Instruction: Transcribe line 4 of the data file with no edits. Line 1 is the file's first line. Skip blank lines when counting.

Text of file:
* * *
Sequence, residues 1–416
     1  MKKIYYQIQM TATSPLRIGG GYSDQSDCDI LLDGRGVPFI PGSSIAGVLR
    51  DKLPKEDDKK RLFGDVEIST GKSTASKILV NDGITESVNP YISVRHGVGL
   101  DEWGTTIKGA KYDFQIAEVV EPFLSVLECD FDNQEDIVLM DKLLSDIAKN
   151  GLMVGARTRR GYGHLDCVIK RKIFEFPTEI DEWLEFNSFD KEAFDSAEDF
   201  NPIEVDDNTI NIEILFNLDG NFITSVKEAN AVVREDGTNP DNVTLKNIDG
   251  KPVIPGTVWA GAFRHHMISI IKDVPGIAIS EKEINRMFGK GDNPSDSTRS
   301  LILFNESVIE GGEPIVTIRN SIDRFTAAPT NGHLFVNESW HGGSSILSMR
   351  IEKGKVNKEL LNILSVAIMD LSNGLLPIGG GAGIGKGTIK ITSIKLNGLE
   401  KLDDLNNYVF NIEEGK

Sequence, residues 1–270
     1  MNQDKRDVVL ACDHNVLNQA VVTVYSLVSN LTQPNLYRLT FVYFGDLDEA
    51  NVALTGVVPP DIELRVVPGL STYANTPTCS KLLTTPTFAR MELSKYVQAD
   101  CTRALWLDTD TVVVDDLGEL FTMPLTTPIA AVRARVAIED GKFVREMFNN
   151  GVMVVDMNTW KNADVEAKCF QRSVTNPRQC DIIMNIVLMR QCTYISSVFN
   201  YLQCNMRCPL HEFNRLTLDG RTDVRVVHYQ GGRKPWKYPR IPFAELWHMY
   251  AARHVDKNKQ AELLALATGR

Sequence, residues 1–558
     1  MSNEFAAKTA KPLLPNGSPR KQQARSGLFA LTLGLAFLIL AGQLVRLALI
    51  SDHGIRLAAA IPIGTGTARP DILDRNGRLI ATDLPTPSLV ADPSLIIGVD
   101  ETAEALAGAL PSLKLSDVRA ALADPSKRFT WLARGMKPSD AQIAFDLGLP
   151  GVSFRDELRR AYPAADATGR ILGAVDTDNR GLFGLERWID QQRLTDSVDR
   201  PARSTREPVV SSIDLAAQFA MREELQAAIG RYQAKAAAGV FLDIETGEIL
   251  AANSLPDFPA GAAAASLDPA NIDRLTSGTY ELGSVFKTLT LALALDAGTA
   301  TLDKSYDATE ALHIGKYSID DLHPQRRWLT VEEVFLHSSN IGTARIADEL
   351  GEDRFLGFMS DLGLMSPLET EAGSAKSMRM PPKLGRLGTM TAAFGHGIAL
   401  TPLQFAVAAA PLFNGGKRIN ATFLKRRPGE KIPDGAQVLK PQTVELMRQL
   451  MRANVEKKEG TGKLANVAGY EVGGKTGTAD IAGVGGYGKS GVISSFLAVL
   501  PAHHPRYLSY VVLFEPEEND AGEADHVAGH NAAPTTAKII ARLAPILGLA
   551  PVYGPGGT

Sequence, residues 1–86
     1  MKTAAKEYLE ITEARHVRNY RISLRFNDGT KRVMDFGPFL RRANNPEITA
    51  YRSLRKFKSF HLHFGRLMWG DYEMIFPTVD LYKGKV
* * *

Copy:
   101  DEWGTTIKGA KYDFQIAEVV EPFLSVLECD FDNQEDIVLM DKLLSDIAKN